Saturday, February 18, 2012

Microphones & Preamps - The “chicken and egg” of audio.

Image by Simon Howden
Want to start a discussion among audio folk? Ask whether mics or preamps are more important. Later I'll interview George Massenburg and John Hardy to get their take on transformer as well as transformerless preamps and solid state versus tubes. That’s the the main course. But before we get to them, here’s a few appetizers.

Stronger Chains
For the entry-level engineer, getting better sound can be very frustrating. You may not be able to hear how great that new mic sounds until you get a better preamp.
Even then, if the mix bus or monitor section is the weakest link, the improvement won’t get to your ears. Even the cable can matter. Some colleagues and I were pained to find this out a number of years ago when comparing an M71 Gefell mic with a Neumann U 87 and AKG C414.
In one studio, we got predictably different frequency responses, depending on whether we used the “house” cable, or Gotham GAC-3, or EMT 2022. Interesting, though, when we tried a similar test in another studio, the results were not so dramatic.
Why? Probably impedance differences. The first studio had a built-in wall panel and snake. The second didn’t. Was it the way the mics and snake interacted, or the way the snake and the first studio’s API console interacted. Or both?
The first studio used API console mic preamps, the second studio had an original issue Mackie 1604. Maybe the Mackie wasn’t open enough to pass the differences.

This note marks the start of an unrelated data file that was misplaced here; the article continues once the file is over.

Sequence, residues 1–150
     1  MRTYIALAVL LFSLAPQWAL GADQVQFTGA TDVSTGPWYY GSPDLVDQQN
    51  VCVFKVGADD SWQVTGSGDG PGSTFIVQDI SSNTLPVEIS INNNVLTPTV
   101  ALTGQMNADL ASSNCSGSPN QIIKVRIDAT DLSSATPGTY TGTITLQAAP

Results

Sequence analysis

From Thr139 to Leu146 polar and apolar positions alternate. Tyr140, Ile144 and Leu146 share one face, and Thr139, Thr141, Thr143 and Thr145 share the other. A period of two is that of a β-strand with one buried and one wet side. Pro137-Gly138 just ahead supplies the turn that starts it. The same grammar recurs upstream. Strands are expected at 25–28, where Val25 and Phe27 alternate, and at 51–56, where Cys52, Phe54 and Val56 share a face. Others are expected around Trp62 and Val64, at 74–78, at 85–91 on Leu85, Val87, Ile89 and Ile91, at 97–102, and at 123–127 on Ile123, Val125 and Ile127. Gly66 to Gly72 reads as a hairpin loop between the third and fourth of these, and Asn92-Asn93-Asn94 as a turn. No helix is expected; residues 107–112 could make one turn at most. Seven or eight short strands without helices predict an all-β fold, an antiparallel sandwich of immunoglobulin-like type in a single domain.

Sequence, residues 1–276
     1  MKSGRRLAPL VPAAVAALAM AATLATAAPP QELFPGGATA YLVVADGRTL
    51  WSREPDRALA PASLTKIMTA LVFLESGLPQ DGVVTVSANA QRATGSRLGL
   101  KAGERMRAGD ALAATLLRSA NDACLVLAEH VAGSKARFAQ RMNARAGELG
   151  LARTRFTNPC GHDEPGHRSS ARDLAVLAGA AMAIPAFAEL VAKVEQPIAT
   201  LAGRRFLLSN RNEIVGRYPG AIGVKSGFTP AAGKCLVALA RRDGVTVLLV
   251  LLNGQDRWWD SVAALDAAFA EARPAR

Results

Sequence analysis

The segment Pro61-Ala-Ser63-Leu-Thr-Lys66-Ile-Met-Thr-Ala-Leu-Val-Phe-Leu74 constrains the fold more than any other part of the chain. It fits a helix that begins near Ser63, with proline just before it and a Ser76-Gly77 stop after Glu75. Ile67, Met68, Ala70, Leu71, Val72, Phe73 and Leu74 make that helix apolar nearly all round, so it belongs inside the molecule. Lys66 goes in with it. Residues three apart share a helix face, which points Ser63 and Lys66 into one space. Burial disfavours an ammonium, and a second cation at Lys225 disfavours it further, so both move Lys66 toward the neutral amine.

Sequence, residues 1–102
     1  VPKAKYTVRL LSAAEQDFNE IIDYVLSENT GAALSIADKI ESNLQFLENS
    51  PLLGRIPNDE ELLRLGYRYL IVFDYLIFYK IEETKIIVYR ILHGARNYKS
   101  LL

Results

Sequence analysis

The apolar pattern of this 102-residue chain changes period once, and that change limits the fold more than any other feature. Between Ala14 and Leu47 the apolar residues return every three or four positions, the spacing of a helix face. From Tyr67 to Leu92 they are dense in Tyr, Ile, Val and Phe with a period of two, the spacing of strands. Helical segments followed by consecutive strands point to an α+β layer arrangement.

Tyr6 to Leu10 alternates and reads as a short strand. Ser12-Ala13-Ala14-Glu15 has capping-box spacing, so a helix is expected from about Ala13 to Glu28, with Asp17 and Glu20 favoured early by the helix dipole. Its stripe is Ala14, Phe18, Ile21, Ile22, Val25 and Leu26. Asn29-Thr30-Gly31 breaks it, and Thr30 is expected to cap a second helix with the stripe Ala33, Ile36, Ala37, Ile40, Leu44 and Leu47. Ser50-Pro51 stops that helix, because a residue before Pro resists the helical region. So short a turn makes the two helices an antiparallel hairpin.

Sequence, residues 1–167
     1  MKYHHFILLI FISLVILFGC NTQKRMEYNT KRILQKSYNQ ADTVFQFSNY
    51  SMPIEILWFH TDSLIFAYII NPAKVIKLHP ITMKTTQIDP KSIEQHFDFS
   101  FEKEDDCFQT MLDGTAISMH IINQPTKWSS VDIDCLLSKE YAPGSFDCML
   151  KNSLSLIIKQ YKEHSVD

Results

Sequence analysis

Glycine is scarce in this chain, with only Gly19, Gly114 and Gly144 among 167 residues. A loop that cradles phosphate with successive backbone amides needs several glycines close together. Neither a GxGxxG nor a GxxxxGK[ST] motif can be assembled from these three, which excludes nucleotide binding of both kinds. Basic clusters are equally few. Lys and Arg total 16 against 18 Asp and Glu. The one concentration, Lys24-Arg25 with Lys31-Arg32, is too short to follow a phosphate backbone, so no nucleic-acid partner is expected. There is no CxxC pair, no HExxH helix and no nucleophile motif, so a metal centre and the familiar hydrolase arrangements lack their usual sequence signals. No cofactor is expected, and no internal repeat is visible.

DIY Testing
`Want a simple way to test how responsive your chain is to improvement? Listen to a “humble” Shure SM58 through your existing chain, and then using the same microphone cable, plug the SM58 into your prospective new preamp and come in at line level to your mixer.
If you can’t hear a world of difference, the prospective preamp isn’t that much of an improvement or—and this is a BIG "or"—something else in the chain is eating up the improvement.
To Tube or Not to Tube?
Tube circuits are sometimes elevated into mythological status, primarily because they were all we had before solid state came along.
But the truth is that a good solid-state preamp sounds much better than a poorly designed tube preamp, and a good tube preamp sounds better than a poorly designed solid-state preamp. It’s a pretty simple quality issue.
Having said that, if you’re working with audio that has a lot of transient material—the result of pretty much anything you record where you hit something—a tube circuit can “round off” the peaks of those transients less objectionably than a poorly designed solid state preamp which clips the transients. The plate of the tube absorbs some of the loudest transients.
Of course, that “rounding off” of the transient peaks is part of the coloration of the circuit, and technically, it’s distortion.

Arguably, transformers are a throwback from the early Bell Labs days when the input and output characteristics of amplifiers required specific impedances and because transformers are a great way to stop the flow of DC from one stage to the next.
In its simplest form, a transformer consists of two coils of wire—a primary and secondary coil, wound around a common core.
Even though the primary and secondary wires may touch, their insulation keeps them from being directly connected.